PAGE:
"Sorry, Chief, but it's broken. Let's get you to some medical help."
"And what about you, Ellison?" Pembleton asked, pointing to Jim's own bloody hands and wrist. He shook his head as he helped both his friends down the trail. Should have known these two would take team-building way too seriously.
"We do have commanding officers, don't we?"
"Well, someone was snoring when we got in last night, Chief. Had to be the master fishermen."
"Read the note they left?" Pembleton asked as he shrugged into a sweater. "They're in some kind of contest and they're currently running second. We probably won't hear from them again until they reach first place."
"Team fishing. For some reason, I don't think that's what the government had in mind when they funded this outing," Blair said as he tried to button his shirt with one hand because of the cast on his other.
"I guess they should have been clearer," Bayliss said as he reached over to button the shirt for Blair. "Then again, we are learning to share and get along. Aren't we, guys?"
"Oh, yeah," Pembleton commented as he helped Jim fold a cuff away from his cast. "We're regular bosom buddies. So what are we doing today, ladies?"
"Sightseeing," Blair said, unofficial group coordinator by default. "I'm the only one of us who's ever seen Mt. Rushmore. It's something that shouldn't be missed. Got your camera, Frank? It'll be something to show your children one day." Blair bounced out of the cabin before Frank could reply, Tim on his heels.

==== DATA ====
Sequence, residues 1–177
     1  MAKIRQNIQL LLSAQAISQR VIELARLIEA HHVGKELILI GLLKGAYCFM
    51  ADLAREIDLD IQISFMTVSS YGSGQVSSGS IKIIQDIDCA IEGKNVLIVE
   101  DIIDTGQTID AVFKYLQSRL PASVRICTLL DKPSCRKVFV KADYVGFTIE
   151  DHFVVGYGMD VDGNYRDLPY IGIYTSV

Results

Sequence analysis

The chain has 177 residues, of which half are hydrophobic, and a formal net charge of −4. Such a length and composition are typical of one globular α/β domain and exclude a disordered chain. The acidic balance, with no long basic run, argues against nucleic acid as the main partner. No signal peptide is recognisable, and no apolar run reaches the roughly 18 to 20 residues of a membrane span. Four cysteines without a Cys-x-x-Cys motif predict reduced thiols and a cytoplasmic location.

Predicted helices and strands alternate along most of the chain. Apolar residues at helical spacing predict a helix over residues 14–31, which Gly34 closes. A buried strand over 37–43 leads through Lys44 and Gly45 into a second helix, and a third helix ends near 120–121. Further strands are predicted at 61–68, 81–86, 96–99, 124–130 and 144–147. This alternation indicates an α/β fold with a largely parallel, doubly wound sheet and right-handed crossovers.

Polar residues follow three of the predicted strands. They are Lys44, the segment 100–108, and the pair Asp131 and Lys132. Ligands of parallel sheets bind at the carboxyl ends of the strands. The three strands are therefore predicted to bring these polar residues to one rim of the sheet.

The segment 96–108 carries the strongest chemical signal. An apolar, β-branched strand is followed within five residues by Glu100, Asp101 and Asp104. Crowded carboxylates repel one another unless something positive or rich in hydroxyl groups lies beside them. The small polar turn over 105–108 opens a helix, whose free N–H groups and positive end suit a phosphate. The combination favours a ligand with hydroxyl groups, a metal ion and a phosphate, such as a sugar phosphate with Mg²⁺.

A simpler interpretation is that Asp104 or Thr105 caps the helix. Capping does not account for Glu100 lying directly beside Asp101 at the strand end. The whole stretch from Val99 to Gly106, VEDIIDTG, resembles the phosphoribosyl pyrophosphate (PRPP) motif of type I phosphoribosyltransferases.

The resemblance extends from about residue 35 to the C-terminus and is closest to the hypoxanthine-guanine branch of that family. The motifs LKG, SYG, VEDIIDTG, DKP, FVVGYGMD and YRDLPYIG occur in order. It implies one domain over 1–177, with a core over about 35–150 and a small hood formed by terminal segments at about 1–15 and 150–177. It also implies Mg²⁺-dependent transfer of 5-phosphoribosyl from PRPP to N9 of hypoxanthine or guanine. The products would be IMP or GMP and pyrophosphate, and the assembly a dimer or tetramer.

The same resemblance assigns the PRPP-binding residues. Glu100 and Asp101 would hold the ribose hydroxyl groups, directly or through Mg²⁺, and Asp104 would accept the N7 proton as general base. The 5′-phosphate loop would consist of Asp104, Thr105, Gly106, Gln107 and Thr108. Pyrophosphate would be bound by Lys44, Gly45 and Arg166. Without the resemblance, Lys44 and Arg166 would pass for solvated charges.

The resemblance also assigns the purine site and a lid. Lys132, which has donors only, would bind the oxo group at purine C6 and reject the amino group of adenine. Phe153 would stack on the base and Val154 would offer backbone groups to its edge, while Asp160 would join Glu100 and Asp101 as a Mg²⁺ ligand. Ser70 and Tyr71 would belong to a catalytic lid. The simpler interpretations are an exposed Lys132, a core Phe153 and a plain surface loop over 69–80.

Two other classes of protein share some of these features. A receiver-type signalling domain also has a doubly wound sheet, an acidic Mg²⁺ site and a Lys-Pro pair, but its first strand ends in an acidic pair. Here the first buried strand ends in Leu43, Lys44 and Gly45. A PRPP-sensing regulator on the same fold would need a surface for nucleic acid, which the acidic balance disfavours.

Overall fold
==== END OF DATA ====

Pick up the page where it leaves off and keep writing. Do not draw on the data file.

"Is he always this... peppy?" Pembleton asked as the two older men followed behind.
"Nah. I think the pain medication is slowing him down a bit," Jim said as they headed for the Suburban.
"Speaking of... I didn't see you take yours this morning."
"I'm fine, Frank. But thanks for caring. Hey, aren't we going to have breakfast?" he called out.
"On the road, man," was his partner's reply.
"On the road where?" Jim asked as his stomach growled five minutes later.
"Mt. Rushmore is about twenty-five miles away, Jim. I'm sure we'll pass a decent restaurant between here and Keystone. This stretch of highway is probably as bad as the Orlando area in Florida. The last time I went to Disney World, about six years ago, there had to have been a restaurant, gift shop, and/or fruit stand every hundred yards. Good thing Disney and Company are animatronics experts. No decent real animal would stand a chance."
Bayliss, in the driver's seat, turned his head slightly toward the back where Blair was sitting. "You went to Disney World that recently? It's been years since I was there."